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From Germany to America: An 1853 Journey

During the course of the nineteenth century, millions of our ancestors left Germany and embarked on a new life in America. Whether the reason was the failed 1848 uprisings, the effects of the Industrial Revolution, or simply seeking an opportunity for a better life, the end result was the same – our ancestors bravely left behind everything they knew and moved to a foreign land halfway around the world.

Photo: https://gcaptain.com/maritime-monday-august-29-2016/immigrant-ship/

Fast forward two hundred years. If we genealogists want to discover the stories of these emigrant ancestors who so bravely left their homeland, passenger lists, emigration documents, and other records may provide the only clues available. But for some lucky genealogists, there is more: personal letters, letters written in the very hands of their ancestors, letters that detail their journey across the ocean and the beginnings of their new life in America.

Susan Hennefield is one such person who was lucky enough to find such a letter among her father’s belongings. I recently had the pleasure of translating this 1853 letter, and she has kindly agreed to let me share it with you here to showcase what an emigration experience was like in the mid-nineteenth century. My own ancestor, Gerhard Wolken, sailed from Bremen in 1854, so I like to think that he might have had a similar journey to Susan’s ancestor Wilhelm below! Perhaps your ancestors did too?

1854 Passenger List of the Ship “Jeverland”. My ancestor Gerhard Wolken emigrated to America at the age of 23, much like Susan’s ancestor Wilhelm Riecker below.

Background Info:

Wilhelm Friedrich Riecker was twenty-two years old when he left Germany for a new life in America. He was the second son of at least twelve children, and his father was a soapmaker in Kürnbach, Karlsruhe. Read on below to see his first letter to his parents after arriving in Williamsburg, Brooklyn, New York after a 57-day sea journey…

Williamsburg, Sept. 10, 1853

            Dear parents and siblings,

After arriving in my new homeland on August 13 after a 57-day sea journey, I am now picking up the pen to write. I hope that this letter finds you all still happy and healthy, as you were at the time of my departure. We left Mannheim on June 12 at 5:00 in the morning, arrived in Cologne at 7:30 in the evening, and, since there were no more tickets being issued then, had to spend the night in Cologne. We then left for Bremen the following day. They checked all our passports in Preußisch-Minden, on the Hanoverian border. Those who didn’t have the proper documents (which the authorities were not happy about) had to go back.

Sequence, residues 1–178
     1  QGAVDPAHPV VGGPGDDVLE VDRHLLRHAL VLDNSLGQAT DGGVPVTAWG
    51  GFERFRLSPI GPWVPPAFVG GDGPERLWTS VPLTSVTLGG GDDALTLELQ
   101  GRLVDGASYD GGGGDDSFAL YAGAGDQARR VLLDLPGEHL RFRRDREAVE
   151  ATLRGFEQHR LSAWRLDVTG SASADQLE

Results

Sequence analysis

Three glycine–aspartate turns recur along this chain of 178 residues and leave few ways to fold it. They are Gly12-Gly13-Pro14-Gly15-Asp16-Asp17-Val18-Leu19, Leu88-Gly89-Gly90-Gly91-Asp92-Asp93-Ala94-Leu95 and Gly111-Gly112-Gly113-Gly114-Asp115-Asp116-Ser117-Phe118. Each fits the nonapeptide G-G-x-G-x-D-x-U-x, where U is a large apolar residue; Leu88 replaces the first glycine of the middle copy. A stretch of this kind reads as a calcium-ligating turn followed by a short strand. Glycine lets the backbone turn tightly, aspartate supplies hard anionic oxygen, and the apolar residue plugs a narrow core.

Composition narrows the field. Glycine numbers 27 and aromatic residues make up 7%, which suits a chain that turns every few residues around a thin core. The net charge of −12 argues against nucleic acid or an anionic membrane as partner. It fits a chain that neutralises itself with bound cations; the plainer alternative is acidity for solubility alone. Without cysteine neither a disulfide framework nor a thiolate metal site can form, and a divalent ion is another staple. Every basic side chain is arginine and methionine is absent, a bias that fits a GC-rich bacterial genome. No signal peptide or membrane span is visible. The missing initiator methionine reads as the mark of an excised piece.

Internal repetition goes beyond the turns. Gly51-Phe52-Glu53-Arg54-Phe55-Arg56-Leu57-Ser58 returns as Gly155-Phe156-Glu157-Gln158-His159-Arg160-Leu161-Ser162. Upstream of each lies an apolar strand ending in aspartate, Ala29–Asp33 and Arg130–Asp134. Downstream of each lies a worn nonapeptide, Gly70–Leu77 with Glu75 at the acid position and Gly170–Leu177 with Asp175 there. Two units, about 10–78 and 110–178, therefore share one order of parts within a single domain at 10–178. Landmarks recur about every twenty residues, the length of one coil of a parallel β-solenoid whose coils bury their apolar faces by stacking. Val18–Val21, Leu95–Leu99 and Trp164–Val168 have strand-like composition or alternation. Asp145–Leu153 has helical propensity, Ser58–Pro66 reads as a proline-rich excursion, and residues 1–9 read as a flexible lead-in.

We stayed in Bremen the 14th and 15th. On the afternoon of the 16th, we left Bremen on a small barge and headed towards Bremerhaven. We didn’t arrive there until the 18th. In Bremen I had to pay half of a Prussian thaler for board, and then had to buy tinware for 1 thaler and a mattress for ½ a thaler. I didn’t buy a pillow or woolen carpet so that I could save my money.

In the passenger building in Bremerhaven, there were people who had already been there fourteen days or even four weeks because they were dealing with cases against the Bremen shipping clerks. It could have easily been the case that I would also have had to wait 14 days at the port because when I was in Bremen, I received a ticket without the name of the captain or the ship that I was supposed to go on. But I went straight to the office and said, “Please be so good and fill in these two spots for me.” They replied, “You won’t receive that information until you are in Bremerhaven.”  But I went back in the afternoon and asked him again, and then he did as I asked. As we were arriving in Bremerhaven, they took us straight to the ocean-bound ship and said, “Whoever has a ticket for the ship Orion led by Captain Schwartz, bring your things on board.” It was only me and a locksmith from Saxony who did so. The barge then made its way to land and everyone went into the passenger building. There they received food like on the ship, just a little bit better. Everyone had to sleep on their own mattress.